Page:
if (timeRemaining > 0) {
        Resources resources = context.getResources();

        // Calculate the days/hours/minutes/seconds within the time difference.
        //
        // It's important to subtract the value from the total time remaining after each is calculated. 
        // For example, if we didn't do this and the time was 25 hours from now, 
        // we would get `1 day, 25 hours`.
        int days = (int) TimeUnit.MILLISECONDS.toDays(timeRemaining);
        timeRemaining -= TimeUnit.DAYS.toMillis(days);
        int hours = (int) TimeUnit.MILLISECONDS.toHours(timeRemaining);
        timeRemaining -= TimeUnit.HOURS.toMillis(hours);
        int minutes = (int) TimeUnit.MILLISECONDS.toMinutes(timeRemaining);
        timeRemaining -= TimeUnit.MINUTES.toMillis(minutes);
        int seconds = (int) TimeUnit.MILLISECONDS.toSeconds(timeRemaining);

        // For each time unit, add the quantity string to the output, with a space.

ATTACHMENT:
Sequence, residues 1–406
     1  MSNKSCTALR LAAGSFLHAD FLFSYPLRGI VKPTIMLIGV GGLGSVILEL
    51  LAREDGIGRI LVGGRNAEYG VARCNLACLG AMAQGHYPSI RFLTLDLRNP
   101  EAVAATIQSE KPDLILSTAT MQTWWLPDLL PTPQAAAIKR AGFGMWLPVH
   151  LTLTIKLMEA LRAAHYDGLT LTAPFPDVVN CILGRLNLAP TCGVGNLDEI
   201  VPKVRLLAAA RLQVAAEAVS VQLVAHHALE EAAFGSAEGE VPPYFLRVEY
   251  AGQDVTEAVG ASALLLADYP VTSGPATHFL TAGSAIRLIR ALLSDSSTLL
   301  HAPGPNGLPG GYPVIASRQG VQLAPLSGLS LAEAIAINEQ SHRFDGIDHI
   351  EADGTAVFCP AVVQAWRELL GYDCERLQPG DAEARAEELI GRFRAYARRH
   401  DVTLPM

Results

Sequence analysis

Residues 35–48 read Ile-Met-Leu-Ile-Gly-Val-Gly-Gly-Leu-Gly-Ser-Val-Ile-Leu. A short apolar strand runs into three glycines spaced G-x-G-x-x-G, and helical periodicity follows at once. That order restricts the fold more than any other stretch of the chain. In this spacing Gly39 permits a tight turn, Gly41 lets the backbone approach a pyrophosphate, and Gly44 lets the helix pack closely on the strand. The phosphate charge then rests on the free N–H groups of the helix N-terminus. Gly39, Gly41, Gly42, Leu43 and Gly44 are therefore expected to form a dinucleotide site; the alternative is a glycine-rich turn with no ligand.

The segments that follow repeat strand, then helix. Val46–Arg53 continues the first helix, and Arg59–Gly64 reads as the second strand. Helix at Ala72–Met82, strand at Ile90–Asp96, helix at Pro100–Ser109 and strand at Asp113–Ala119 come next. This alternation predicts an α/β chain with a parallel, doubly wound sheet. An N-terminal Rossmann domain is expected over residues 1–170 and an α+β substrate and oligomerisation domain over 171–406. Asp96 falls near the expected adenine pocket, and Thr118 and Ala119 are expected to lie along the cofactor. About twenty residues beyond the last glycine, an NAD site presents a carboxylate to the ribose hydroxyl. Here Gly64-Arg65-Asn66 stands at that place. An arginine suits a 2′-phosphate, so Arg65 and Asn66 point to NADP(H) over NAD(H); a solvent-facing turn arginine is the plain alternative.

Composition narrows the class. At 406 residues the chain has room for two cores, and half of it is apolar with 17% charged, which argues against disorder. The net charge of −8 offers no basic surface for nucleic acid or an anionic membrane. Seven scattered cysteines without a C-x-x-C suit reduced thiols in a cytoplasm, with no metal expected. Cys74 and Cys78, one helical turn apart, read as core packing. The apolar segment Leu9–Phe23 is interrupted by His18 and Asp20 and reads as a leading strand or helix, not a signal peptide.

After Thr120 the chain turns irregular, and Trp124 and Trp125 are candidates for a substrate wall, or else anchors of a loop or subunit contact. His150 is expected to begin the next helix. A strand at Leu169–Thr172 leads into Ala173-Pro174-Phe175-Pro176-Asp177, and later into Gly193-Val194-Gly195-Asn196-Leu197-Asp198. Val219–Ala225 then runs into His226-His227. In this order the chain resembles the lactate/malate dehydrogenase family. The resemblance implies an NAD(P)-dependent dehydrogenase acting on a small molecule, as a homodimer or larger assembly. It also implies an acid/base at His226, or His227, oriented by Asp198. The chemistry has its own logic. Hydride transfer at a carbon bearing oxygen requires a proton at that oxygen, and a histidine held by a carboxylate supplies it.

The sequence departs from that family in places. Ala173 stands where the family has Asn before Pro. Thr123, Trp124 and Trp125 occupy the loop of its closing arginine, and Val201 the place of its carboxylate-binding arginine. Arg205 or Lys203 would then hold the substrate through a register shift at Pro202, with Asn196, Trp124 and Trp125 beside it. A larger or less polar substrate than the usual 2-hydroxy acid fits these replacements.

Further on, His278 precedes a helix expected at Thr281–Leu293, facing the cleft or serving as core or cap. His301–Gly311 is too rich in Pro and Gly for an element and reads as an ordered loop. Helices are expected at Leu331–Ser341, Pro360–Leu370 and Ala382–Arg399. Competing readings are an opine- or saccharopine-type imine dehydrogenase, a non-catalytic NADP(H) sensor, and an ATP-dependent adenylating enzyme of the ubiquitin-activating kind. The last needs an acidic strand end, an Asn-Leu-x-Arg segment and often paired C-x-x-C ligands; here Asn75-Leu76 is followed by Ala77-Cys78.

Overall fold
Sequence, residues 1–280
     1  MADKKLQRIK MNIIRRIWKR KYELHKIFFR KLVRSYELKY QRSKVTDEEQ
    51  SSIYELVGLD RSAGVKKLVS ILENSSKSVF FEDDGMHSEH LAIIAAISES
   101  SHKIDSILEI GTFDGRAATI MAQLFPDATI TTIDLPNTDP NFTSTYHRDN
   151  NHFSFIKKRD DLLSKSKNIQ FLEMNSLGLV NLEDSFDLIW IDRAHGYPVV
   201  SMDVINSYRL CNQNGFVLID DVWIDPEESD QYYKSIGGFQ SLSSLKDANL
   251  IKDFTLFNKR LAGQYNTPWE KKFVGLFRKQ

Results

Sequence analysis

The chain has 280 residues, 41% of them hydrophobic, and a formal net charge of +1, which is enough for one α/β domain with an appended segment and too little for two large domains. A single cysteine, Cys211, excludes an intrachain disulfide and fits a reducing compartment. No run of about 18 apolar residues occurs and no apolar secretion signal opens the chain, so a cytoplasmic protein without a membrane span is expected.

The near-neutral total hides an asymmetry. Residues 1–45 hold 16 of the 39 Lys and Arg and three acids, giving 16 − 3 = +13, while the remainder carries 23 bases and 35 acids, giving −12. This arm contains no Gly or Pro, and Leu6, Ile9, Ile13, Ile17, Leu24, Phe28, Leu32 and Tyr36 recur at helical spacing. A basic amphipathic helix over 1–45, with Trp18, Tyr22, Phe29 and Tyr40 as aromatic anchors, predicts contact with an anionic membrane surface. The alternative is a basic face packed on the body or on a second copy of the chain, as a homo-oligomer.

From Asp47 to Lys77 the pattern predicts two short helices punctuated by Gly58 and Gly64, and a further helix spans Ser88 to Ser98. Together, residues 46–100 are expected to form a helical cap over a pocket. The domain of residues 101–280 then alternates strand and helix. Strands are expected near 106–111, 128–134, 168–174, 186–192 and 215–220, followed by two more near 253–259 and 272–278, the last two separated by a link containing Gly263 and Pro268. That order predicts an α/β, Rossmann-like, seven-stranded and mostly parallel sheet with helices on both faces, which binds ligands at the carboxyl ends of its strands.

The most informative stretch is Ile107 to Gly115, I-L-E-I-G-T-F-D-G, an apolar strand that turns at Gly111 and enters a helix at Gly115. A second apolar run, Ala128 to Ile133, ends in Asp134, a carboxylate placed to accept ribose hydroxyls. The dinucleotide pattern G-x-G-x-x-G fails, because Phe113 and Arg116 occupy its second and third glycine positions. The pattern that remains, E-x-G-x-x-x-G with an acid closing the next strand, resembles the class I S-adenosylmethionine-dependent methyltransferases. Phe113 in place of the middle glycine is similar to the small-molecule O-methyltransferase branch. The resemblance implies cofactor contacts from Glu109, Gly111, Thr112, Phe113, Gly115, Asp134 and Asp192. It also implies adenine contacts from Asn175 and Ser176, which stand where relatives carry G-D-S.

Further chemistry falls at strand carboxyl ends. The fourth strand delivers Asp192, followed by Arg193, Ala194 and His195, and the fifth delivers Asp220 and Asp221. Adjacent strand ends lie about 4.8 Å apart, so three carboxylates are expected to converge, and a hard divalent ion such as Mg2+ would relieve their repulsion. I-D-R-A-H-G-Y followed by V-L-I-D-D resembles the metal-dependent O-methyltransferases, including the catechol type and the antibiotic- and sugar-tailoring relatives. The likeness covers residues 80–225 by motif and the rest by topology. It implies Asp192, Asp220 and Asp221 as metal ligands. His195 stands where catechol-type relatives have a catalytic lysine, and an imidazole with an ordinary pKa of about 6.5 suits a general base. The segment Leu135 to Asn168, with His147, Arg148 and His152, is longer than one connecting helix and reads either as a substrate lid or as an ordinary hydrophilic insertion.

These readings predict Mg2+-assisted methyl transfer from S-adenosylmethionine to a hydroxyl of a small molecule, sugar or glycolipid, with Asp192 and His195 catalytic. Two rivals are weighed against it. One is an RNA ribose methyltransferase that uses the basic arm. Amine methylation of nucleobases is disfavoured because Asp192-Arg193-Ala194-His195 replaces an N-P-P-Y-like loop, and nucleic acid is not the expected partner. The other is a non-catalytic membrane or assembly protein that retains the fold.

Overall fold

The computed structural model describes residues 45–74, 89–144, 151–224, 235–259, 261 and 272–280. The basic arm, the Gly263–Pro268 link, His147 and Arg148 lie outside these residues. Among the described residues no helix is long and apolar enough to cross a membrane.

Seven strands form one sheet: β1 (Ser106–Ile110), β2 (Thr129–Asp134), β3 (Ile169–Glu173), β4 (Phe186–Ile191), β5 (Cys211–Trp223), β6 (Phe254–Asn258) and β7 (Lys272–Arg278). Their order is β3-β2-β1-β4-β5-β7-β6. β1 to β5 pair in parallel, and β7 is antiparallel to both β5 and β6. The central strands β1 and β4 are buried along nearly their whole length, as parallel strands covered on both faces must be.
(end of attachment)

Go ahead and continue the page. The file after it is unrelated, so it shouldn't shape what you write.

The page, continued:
if (days > 0) {
            countdownText.append(resources.getQuantityString(R.plurals.days, days, days));
            countdownText.append(" ");
        }
        if (days > 0 || hours > 0) {
            countdownText.append(resources.getQuantityString(R.plurals.hours, hours, hours));
            countdownText.append(" ");
        }
        if (days > 0 || hours > 0 || minutes > 0) {
            countdownText.append(resources.getQuantityString(R.plurals.minutes, minutes, minutes));
            countdownText.append(" ");
        }
        if (days > 0 || hours > 0 || minutes > 0 || seconds > 0) {
            countdownText.append(resources.getQuantityString(R.plurals.seconds, seconds, seconds));
            countdownText.append(" ");
        }
    }

    return countdownText.toString();
}

Right, so now we can add a countdown timer to our TextView:

Date futureDate = ...;
TextView textView = ...;

textView.setText(getCountdownText(getContext(), futureDate);

And we’ll get something that looks like this:

Countdown Timer Example

But how do you make it update as the time difference changes? If a user is presented this view and it doesn’t actually count down, it’s not particularly useful, is it?

The solution is to use a Handler to update the TextView on a timed interval. In your Activity, add the following:

/**
 * The time (in ms) interval to update the countdown TextView.